It's quite serendipitous that this framework is about to be released because I am working on a very simple project that just begs to be able to spawn off multiple JKI State Machines asynchronously. Originally I was considering the Actor Framework but I think that might be overkill, however, this framework sounds right on the money.
My system consists of multiple LV server apps which are the data producers and one LV client app which is the data consumer. Each server app consists of a simple while loop to write it's front-panel control data to a network shared variable (of type variant) every 100ms. The client app is where I currently use multiple JKI State Machines; one for each server it needs to connect to. Once each SM has validated the connection to the server it goes into a 'monitor' state where it continue to poll the shared variable (via the PSP API) every 1 second to update the client's corresponding front panel indicators. Each JKI state machine is exactly the same except for the following two differences 1) the PSP URL of the SV to read from 2) the underlying data type coming out of the shared variable. These are static inputs that are known at compile-time and I'd love to have the ability to simply spawn a new JKI SM Object and wire up these two inputs whenever a new client needs to be supported.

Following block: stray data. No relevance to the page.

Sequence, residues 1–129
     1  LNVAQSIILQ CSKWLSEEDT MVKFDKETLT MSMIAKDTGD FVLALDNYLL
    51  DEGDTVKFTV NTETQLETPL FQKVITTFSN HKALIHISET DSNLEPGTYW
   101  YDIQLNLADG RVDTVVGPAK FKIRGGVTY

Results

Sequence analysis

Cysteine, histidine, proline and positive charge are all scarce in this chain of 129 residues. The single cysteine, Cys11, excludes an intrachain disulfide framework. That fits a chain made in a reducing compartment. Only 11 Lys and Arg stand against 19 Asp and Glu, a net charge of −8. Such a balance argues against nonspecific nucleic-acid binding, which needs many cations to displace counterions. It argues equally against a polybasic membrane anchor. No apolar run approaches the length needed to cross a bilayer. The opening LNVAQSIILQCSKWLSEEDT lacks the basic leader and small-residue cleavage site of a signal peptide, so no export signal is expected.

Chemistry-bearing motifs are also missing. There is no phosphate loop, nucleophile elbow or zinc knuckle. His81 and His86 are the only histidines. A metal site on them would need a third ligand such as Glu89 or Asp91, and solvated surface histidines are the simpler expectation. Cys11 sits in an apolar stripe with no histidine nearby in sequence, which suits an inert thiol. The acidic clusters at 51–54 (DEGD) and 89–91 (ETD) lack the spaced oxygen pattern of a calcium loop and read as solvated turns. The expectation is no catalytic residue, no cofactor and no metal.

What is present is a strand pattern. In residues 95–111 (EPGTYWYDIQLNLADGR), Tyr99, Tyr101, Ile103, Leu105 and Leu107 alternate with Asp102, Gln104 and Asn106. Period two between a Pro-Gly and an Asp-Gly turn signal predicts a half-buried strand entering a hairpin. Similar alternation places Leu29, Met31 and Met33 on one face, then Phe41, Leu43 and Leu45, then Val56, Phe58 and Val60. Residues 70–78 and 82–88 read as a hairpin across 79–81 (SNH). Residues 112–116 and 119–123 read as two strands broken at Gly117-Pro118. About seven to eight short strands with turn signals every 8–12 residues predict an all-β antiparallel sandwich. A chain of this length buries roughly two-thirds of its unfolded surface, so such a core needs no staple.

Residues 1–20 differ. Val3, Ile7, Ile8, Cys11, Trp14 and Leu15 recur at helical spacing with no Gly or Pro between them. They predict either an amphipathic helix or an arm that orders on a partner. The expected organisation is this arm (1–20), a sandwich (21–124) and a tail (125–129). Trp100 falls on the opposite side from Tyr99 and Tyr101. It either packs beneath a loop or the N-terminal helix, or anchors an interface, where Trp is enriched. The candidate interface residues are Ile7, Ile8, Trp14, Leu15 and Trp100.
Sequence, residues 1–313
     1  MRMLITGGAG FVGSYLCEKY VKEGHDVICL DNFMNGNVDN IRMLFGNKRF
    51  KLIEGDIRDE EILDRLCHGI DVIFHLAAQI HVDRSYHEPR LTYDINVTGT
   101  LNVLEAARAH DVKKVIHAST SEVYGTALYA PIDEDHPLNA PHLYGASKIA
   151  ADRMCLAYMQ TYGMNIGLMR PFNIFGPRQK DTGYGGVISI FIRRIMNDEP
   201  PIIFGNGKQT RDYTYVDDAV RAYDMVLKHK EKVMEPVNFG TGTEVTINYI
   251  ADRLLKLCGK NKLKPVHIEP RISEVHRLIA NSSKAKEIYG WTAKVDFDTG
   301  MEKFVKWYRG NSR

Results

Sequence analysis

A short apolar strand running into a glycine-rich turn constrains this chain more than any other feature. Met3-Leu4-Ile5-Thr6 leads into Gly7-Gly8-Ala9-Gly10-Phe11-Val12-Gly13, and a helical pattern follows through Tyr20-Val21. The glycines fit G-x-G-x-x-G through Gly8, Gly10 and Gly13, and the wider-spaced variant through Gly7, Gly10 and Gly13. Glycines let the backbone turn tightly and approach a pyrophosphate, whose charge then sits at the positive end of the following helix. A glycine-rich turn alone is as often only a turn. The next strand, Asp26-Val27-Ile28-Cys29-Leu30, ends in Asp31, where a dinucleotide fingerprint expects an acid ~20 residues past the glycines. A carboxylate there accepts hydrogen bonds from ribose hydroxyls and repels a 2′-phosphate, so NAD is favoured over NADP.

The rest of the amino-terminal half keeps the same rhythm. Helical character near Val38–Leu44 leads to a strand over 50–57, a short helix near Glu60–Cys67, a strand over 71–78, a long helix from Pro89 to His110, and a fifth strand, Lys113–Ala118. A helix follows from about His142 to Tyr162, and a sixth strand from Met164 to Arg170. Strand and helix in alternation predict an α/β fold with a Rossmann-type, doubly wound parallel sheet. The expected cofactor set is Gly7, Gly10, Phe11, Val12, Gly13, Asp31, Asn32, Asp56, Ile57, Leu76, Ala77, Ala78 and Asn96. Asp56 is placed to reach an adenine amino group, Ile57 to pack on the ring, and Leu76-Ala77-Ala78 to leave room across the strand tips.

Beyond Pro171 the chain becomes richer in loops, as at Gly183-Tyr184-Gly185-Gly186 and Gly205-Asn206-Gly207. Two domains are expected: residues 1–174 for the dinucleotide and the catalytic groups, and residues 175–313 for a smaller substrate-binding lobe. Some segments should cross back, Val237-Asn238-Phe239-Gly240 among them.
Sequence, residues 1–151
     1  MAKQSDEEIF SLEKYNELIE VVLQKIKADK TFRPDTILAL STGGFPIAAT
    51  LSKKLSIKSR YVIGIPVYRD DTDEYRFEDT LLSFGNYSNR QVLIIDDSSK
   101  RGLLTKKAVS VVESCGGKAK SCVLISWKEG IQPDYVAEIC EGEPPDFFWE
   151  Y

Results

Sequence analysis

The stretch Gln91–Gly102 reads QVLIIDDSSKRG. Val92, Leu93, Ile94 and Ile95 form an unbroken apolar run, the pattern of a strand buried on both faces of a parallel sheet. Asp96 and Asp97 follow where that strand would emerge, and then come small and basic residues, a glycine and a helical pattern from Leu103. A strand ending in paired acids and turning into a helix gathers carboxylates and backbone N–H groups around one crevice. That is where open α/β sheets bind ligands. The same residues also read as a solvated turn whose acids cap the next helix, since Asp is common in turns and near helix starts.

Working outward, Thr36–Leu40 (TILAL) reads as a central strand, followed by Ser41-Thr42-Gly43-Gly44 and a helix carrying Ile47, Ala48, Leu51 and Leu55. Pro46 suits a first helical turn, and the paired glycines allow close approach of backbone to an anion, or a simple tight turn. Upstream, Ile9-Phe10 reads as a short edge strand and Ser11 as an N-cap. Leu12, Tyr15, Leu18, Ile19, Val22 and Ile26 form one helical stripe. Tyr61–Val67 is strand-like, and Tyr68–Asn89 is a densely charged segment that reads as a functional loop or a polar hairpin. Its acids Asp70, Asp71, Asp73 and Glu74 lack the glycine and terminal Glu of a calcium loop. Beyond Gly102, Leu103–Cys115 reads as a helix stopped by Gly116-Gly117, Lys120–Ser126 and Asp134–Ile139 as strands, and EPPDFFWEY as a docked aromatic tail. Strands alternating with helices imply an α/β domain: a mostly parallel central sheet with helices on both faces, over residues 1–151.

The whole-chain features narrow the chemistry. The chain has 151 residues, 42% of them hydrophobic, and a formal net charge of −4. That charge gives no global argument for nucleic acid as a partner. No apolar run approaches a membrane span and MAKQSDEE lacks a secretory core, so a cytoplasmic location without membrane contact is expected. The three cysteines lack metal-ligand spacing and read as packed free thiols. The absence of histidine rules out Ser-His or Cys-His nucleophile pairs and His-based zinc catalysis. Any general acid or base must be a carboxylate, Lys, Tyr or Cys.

What level of complexity would I be looking at to have each JKI SM Object be able to pass its data up to the top-level app to alter top-level front panel indicators? Would I simply need to just pass a cluster of front panel refs to each JKI SM Object that I want it to update?
Tomi's video on the Actor Framework was great, even though the framework is well commented I've always shy'd away because there was no real guide that I've found that walks you through the framework; his video did exactly that and I'll for sure attend his AF session at NI Week 2015. The video was also how I found out about JKI SM Objects as Tomi mentioned in briefly in passing and it piqued my interest enough to figure out just exactly what he was referring to; I'm glad I did!